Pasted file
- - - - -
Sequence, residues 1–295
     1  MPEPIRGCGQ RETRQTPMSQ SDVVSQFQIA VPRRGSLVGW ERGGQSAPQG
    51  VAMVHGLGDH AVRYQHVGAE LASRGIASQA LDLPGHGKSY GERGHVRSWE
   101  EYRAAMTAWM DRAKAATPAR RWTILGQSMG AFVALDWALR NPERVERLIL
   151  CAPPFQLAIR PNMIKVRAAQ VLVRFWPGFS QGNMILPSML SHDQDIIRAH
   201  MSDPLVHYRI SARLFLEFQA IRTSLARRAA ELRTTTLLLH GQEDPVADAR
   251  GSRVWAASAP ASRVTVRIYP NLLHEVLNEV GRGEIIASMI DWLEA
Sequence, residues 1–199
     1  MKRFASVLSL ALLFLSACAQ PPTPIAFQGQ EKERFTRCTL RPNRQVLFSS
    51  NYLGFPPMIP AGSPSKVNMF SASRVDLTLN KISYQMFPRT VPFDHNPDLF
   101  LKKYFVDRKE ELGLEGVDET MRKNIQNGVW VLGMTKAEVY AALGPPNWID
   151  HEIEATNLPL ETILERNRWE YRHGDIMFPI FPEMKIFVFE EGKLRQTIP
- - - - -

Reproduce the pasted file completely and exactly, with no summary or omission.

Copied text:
Sequence, residues 1–295
     1  MPEPIRGCGQ RETRQTPMSQ SDVVSQFQIA VPRRGSLVGW ERGGQSAPQG
    51  VAMVHGLGDH AVRYQHVGAE LASRGIASQA LDLPGHGKSY GERGHVRSWE
   101  EYRAAMTAWM DRAKAATPAR RWTILGQSMG AFVALDWALR NPERVERLIL
   151  CAPPFQLAIR PNMIKVRAAQ VLVRFWPGFS QGNMILPSML SHDQDIIRAH
   201  MSDPLVHYRI SARLFLEFQA IRTSLARRAA ELRTTTLLLH GQEDPVADAR
   251  GSRVWAASAP ASRVTVRIYP NLLHEVLNEV GRGEIIASMI DWLEA
Sequence, residues 1–199
     1  MKRFASVLSL ALLFLSACAQ PPTPIAFQGQ EKERFTRCTL RPNRQVLFSS
    51  NYLGFPPMIP AGSPSKVNMF SASRVDLTLN KISYQMFPRT VPFDHNPDLF
   101  LKKYFVDRKE ELGLEGVDET MRKNIQNGVW VLGMTKAEVY AALGPPNWID
   151  HEIEATNLPL ETILERNRWE YRHGDIMFPI FPEMKIFVFE EGKLRQTIP